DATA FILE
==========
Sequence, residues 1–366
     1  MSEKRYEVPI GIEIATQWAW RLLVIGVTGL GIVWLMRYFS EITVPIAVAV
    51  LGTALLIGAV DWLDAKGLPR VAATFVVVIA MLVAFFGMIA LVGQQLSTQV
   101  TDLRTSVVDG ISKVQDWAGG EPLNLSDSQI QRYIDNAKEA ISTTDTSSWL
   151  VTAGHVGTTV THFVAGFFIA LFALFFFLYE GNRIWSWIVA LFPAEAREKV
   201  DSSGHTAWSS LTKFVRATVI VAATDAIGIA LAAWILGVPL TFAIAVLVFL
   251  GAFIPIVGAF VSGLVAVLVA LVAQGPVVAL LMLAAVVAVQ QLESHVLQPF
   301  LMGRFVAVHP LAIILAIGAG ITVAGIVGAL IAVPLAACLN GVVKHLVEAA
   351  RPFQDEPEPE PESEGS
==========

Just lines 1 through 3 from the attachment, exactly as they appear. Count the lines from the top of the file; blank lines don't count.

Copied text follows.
Sequence, residues 1–366
     1  MSEKRYEVPI GIEIATQWAW RLLVIGVTGL GIVWLMRYFS EITVPIAVAV
    51  LGTALLIGAV DWLDAKGLPR VAATFVVVIA MLVAFFGMIA LVGQQLSTQV